When the Founding Fathers first debated the U.S. Constitution, one ideal stood out: The United States would be governed by the people. And freedom to worship freely was at the core of this new country.
It was tempting to crown George Washington as king as some wanted to do. Fortunately our first head of state had the foresight to reject that idea, and the presidency was born.
In light of today’s often-stormy partisan politics, increasing talk of nationalism, and divisive trade wars, it is critical for us to recommit ourselves to fundamental American values.
Take, for example, Senate Bill 360, the controversial bill now in front of the state legislature. If passed, it would mandate that clergy, including Catholic priests, report the admission of child abuse from anyone who reveals their actions during the sacrament of reconciliation. While some believe this is a logical step toward preventing further abuse, others believe fervently that it violates the first amendment of the U.S. Constitution that guarantees freedom to practice one’s religion, or not to practice any religion.
If there was ever a time when our freedom needed defense, it is now.
Our individual rights are threatened today as never before. Privacy is compromised by intelligent technological innovations. The freedom to assemble often is questioned, especially if we are brown or black. Our religion is under fire by hate groups who want to compel us to worship as they do. Increasingly our leaders want to shut the doors of our country to the needy, whether they be political refugees or parents desperate to feed their children.
When faced with these dilemmas, it’s sometimes tempting to cut ties with society. By going off the grid, we would depend only on ourselves for survival, only our values to live by.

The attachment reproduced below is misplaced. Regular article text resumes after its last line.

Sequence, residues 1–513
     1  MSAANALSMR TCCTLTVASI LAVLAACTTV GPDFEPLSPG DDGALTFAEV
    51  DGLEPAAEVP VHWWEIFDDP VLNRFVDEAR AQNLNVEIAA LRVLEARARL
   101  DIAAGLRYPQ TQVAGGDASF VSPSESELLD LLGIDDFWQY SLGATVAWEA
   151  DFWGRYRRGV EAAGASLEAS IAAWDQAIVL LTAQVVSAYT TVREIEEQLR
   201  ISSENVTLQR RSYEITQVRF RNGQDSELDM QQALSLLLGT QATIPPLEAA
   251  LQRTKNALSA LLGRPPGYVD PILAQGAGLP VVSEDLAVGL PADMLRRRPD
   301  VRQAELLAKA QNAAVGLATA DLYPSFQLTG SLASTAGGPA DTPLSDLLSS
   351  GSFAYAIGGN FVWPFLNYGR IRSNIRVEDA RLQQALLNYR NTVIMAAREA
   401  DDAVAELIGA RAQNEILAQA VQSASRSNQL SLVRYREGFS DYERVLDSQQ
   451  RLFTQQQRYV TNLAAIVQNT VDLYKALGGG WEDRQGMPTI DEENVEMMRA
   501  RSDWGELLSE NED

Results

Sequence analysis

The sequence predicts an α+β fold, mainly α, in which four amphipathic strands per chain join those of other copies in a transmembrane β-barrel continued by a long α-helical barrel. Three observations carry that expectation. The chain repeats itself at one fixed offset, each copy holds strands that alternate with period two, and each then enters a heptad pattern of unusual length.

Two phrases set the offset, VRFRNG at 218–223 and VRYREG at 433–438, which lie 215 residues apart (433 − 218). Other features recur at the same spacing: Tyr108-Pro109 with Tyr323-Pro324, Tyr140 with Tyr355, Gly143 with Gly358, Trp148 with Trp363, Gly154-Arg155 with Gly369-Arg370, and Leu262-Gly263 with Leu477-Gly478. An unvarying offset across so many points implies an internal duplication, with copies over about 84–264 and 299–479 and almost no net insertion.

Yet one of America’s core principles is that our government is a collaborative process — an often ugly-looking one, but one that demands our vigilance and has stood the test of time as our democracy succeeds.
Our system depends on a series of thoughtful checks and balances to function properly. That means our government functions efficiently because we elect representatives who have our best interests at heart – that truly make the government work “for the people.”
It’s as important for us to thoughtfully choose knowledgeable local representatives as it is for us all to wisely elect a president who can best lead our country.
We Americans believe that no one person leads or controls us. As individuals who treasure our freedom, we agree to collaborate.
Determined that our individuality is sacred — including our freedom to live, worship, and work the way we want — we agree to let the majority rule.
As Americans we can debate and disagree, while at heart we share the core belief that liberty is precious. The result? Diverse opinions, disagreements, and philosophical divergence are sacred to the process.
If we become passive, we relinquish the responsibility to hold our leaders accountable, threatening the very foundation of our beloved country.
As Independence Day dawns this July 4, we thank the insightful leadership of our Founding Fathers. It’s the perfect time to recommit to the values they held dear.
When they drafted the closing lines of the Constitution, our leaders committed not only to lofty ideas that still guide us today, but to defend each other and hold themselves accountable. Despite their differences, they shared the ideal of a free people.
Our forebears’ shared commitment to institute and defend American values — regardless of their political differences or diverse persuasions — compels us to honor their leadership, revere their sacrifices, and vow to carry on the precious ideals we still treasure today.